Interview by Yelena Ganshof van der Meersch.Learn the story behind ‘essential technologies’ and the first fully transparent surgical mask, from our director, Klaus Schonenberger.
Oka Taxi gave more than 200 smiles to Mozambique in the year 2019.
This is a taxi which not only boosts the local economy but also provides free ambulance services to all the pregnant women in the nothern Mozambique.
The aim of the Hello Mask project is to develop a transparent mask that would allow patients to see the faces of their carers and visitors. By establishing less stressful relationships with the people around them in the hospital, young patients’ overall condition could be significantly improved.
Apart from being used in our hospitals, this type of mask could also be used in other parts of the world where there are conflicts or epidemics like the Ebola virus, which needed carers to cover their face and body completely when approaching patients.
Healthcare facilities in low- and middle-income countries suffer from chronic shortages of medical oxygen, resulting in more than 2 000 children dying every day from pneumonia.
What can we do to make oxygen available for children in rural Africa?
GlobalO2 is moving closer to achieving this goal.
Resulting of a partnership between the International Committee of the Red-Cross (ICRC) and EPFL, the Humanitarian Tech Hub has been designed for humanitarian actors, researchers and other players willing to mobilize cutting edge research to address today’s humanitarian challenges.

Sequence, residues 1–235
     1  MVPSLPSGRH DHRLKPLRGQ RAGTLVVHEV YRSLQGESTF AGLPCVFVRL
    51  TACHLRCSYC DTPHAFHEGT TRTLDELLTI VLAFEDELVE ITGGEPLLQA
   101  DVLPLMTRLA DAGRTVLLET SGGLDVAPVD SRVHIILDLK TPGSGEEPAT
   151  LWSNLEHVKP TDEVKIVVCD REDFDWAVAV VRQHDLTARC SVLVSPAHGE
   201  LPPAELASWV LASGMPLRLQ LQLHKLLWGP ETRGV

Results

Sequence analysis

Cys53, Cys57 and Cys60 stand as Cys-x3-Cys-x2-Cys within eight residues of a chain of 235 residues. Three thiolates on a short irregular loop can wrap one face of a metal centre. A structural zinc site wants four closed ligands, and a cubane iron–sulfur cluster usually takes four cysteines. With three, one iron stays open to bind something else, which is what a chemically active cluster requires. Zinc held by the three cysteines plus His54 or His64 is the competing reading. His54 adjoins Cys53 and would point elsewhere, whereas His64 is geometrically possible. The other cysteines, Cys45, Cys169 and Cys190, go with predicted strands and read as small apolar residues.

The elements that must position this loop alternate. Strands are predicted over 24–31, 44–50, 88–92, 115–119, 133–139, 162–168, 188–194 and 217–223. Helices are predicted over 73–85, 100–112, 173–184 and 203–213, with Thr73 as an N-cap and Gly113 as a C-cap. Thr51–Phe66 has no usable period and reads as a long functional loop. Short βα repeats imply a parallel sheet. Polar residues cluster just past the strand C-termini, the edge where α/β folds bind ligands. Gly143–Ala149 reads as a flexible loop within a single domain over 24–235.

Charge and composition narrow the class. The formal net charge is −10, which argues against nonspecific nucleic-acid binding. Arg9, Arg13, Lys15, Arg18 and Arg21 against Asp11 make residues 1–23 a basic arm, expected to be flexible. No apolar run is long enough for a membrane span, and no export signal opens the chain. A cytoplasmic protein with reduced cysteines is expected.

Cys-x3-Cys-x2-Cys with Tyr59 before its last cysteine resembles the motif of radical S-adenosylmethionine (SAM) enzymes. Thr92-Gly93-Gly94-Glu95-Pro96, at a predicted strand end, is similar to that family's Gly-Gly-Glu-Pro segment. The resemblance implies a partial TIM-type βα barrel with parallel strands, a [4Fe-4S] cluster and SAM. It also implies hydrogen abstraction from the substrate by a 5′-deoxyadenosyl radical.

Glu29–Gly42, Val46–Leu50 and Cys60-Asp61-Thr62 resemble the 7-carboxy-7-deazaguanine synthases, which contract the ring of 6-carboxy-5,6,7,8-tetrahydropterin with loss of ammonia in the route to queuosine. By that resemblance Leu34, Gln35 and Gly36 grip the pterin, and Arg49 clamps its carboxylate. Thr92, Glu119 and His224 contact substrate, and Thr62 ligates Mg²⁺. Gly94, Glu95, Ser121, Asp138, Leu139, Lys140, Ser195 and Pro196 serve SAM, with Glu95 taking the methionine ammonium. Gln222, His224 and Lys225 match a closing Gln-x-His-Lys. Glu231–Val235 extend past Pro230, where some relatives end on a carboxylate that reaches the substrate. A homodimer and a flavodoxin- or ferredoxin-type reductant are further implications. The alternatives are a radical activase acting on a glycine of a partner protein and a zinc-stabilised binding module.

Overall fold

EssentialTech Centre is attached to the Vice Presidency for Research of the Swiss Federal Institute of Technology in Lausanne (EPFL). Its goal is to develop essential technologies that have the potential to reduce poverty and vulnerability. Its approach combines technology development with the elaboration of innovative business models for a sustainable and large-scale impact.MOINS
How Science and Technology can be harnessed to support development and humanitarian action.
52-minute documentary film shot in Cameroon and Switzerland. This film deals with the issues and problems of donating medical equipment.Executive Production: Spicy Motion Production
This film is currently being screened in film festivals.
Inequalities in access to healthcare are widening around the world: today less than 14% of the world’s population consumes more than 80% of medical technology. Like other developing countries, Cameroon deplores its poor access to essential medical equipment. Due to a lack of financial resources, the country then receives many donations of equipment from various countries. However, 70% of the donated equipment is never put into service in sub-Saharan Africa. So what is the future of medical technology in the regions of the world where our equipment is piling up.
A protective suit against Ebola and the epidemics of tomorrow
A consortium that is developping a robust, high-tech, and low-cost X-ray machine, for low income countries.